The Bethesda System for Reporting Thyroid Cytopathology: A Single-Institution Retrospective Analysis of 2,479 Cases
Ashley S Inman, Michael Morton, Harvey M Cramer, Howard H Wu. Indiana University School of Medicine, Indianapolis, IN; Memorial Sloan Kettering Cancer Center, New York City, NY
Background: The Bethesda System for Reporting Thyroid Cytopathology (TBSRTC) provides a uniform diagnostic nomenclature and classification system, including 6 major categories - benign (B), atypia of undetermined significance (AUS), follicular neoplasm (FN), suspicious for malignancy (SM), malignancy (M) and non-diagnostic (ND), for the interpretation and reporting of thyroid fine-needle aspirates (FNA). We retrospectively applied the TBSRTC terminology to thyroid FNA cases previously diagnosed at our institution in order to assess the implied risks of malignancy for each of the 6 major diagnostic categories.
Design: A computer search of our anatomic pathology information system was performed for the 7-year period from 2003 to 2010 and all thyroid FNA cases were identified. Five cases of parathyroid hyperplasia were excluded from this analysis. The FNA diagnoses were reclassified according to TBSRTC and correlated with the available follow-up thyroid surgical pathology reports. The risk of malignancy (malignant tumors excluding papillary microcarcinoma) and the risk of neoplasm (malignant tumors including papillary microcarcinoma plus adenomas) were calculated for each diagnostic category.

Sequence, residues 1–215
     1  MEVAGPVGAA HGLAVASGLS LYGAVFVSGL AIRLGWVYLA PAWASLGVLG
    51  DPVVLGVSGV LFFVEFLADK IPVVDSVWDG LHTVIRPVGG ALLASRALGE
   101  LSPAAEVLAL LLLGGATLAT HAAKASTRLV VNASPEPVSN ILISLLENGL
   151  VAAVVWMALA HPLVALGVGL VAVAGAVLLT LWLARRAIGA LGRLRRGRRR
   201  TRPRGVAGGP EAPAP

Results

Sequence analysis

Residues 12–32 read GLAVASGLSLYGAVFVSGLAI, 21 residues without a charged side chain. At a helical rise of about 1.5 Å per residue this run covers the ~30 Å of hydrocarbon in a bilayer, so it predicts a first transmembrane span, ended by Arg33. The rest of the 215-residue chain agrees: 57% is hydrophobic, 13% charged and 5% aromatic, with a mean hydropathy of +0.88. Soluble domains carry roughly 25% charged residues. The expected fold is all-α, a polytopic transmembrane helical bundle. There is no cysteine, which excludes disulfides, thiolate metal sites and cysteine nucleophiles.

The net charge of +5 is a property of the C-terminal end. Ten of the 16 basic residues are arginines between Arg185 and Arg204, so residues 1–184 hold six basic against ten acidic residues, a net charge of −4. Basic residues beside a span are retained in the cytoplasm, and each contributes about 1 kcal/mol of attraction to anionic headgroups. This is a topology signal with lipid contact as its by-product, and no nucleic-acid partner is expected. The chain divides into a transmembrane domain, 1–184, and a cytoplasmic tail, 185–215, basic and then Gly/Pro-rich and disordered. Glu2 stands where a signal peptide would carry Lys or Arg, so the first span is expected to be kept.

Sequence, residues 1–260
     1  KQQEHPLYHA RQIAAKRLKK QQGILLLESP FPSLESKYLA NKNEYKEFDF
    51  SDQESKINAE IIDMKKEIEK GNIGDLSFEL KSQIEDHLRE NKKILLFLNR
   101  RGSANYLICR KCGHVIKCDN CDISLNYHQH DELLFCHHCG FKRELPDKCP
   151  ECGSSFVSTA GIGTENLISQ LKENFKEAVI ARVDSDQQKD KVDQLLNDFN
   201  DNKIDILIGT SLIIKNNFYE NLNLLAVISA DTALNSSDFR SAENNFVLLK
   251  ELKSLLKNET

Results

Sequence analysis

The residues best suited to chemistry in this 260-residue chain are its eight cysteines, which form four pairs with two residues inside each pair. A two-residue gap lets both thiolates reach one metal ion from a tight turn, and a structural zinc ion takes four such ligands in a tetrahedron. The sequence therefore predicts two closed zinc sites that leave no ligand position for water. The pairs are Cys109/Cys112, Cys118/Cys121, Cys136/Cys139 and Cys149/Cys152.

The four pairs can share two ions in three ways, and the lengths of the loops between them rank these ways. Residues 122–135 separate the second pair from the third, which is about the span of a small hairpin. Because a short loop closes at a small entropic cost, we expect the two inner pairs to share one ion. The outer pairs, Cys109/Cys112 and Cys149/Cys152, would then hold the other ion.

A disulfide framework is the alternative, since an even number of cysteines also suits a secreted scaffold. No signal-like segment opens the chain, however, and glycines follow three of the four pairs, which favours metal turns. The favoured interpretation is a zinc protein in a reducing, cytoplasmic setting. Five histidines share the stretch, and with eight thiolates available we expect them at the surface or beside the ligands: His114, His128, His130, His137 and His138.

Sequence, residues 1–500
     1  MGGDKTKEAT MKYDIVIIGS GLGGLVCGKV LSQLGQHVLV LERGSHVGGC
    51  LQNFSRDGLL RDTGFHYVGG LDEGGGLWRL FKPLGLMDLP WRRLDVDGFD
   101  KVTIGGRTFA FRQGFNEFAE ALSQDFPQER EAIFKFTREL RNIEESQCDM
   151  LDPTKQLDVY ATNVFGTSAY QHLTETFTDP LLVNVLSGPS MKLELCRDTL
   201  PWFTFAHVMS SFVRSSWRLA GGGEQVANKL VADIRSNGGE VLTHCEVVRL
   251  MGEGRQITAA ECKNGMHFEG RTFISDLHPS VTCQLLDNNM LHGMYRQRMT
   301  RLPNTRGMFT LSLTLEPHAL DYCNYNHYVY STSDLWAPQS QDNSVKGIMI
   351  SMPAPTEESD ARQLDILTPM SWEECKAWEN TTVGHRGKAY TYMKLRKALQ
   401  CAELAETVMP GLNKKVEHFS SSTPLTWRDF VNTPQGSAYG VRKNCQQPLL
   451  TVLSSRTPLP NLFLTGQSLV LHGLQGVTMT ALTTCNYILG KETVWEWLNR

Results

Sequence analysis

Results: A total of 2,479 thyroid FNA aspirates were performed during the 7-year period encompassed by this study. The cytologic diagnoses were as follows: 1,751 cases (71%) were B, 311 cases (13%) were AUS, 72 cases (3%) were FN, 58 cases (2%) were SM, 181 cases (7%) were M, and 101 cases (5%) were ND. Surgical pathology follow-up was obtained in 348 cases (14%). For the subset of cases with surgical pathology follow-up, the risk of a neoplasm for each diagnostic category was as follows: B 40%, AUS 71%, FN 89%, SM 88%, and M 99%. The risk of malignancy for each category was B 4%, AUS 15%, FN 24%, SM 88%, and M 99%.
Conclusions: The TBSRTC classification system stratifies the risk of thyroid neoplasia and malignancy in a manner that is simple, understandable and useful for therapeutic decision-making. Follow-up recommendations are appropriate given the significant differences in the risk of neoplasia and malignancy associated with each of the TBSRTC diagnostic categories.
Wednesday, March 21, 2012 1:00 PM
Poster Session VI # 71, Wednesday Afternoon